Handlers and their dogs also used a helicopter on site to help their dogs get comfortable getting in and out of the noisy aircraft as well as riding in it. For some of the K-9s, the helicopter ride wasn’t a big deal but Peterson’s K-9, Bolos, wasn’t exactly thrilled.

Still, the anxiety from the ride didn’t stop Bolos from knowing what to do when the helicopter landed and he saw a male decoy acting as a suspect stationed in the field. Upon Peterson’s command, Bolos jumped out and headed straight to the “suspect,” tackling him with his bite.

Decoys at the two-day training this week on Kolob Mountain, Utah, July 12, 2016 | Photo by Tracie Sullivan, St. George/Cedar City News
Decoys at the two-day training this week on Kolob Mountain, Utah, July 12, 2016 | Photo by Tracie Sullivan, St. George/Cedar City News

For many of the K-9 handlers, the environment of the mountainous range offers a different setting than the urban areas they commonly work in.

“This is a new environment and new stresses for both the dogs and their handlers,” Thomas said. “It’s a different type of environment that many of them have never been exposed to and it’s a harsher environment to work in.”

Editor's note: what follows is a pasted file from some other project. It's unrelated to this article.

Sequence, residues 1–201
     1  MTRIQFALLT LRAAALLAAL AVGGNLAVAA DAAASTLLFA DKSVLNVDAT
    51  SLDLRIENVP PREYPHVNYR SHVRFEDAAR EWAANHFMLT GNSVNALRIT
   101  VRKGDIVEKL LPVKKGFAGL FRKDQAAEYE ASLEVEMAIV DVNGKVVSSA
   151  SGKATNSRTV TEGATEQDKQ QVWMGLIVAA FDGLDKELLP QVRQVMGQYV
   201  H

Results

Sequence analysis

The training gives the K-9 teams an opportunity to search for suspects in the mountains, Thomas added, and helps to teach the dogs to stay focused even when a rabbit or a deer jumps out in front of them.

Working in the outdoor environment made Kevin Hart, a K-9 handler for the Forest Service in Southern Utah, feel more confident in both himself and his K-9, Fiji.

“It’s training that takes you out of the box and gives you something to think about that you normally wouldn’t think about,” Hart said. “It really tests the limits of the dogs. It’s good exposure for both the handler and the K-9.”

Kent Hatch and Brady McDonald, K-9 handlers at Gunnison Prison, have come down for the training for three years and every time, both officers said they take something home with them they can use in their jobs at the prison.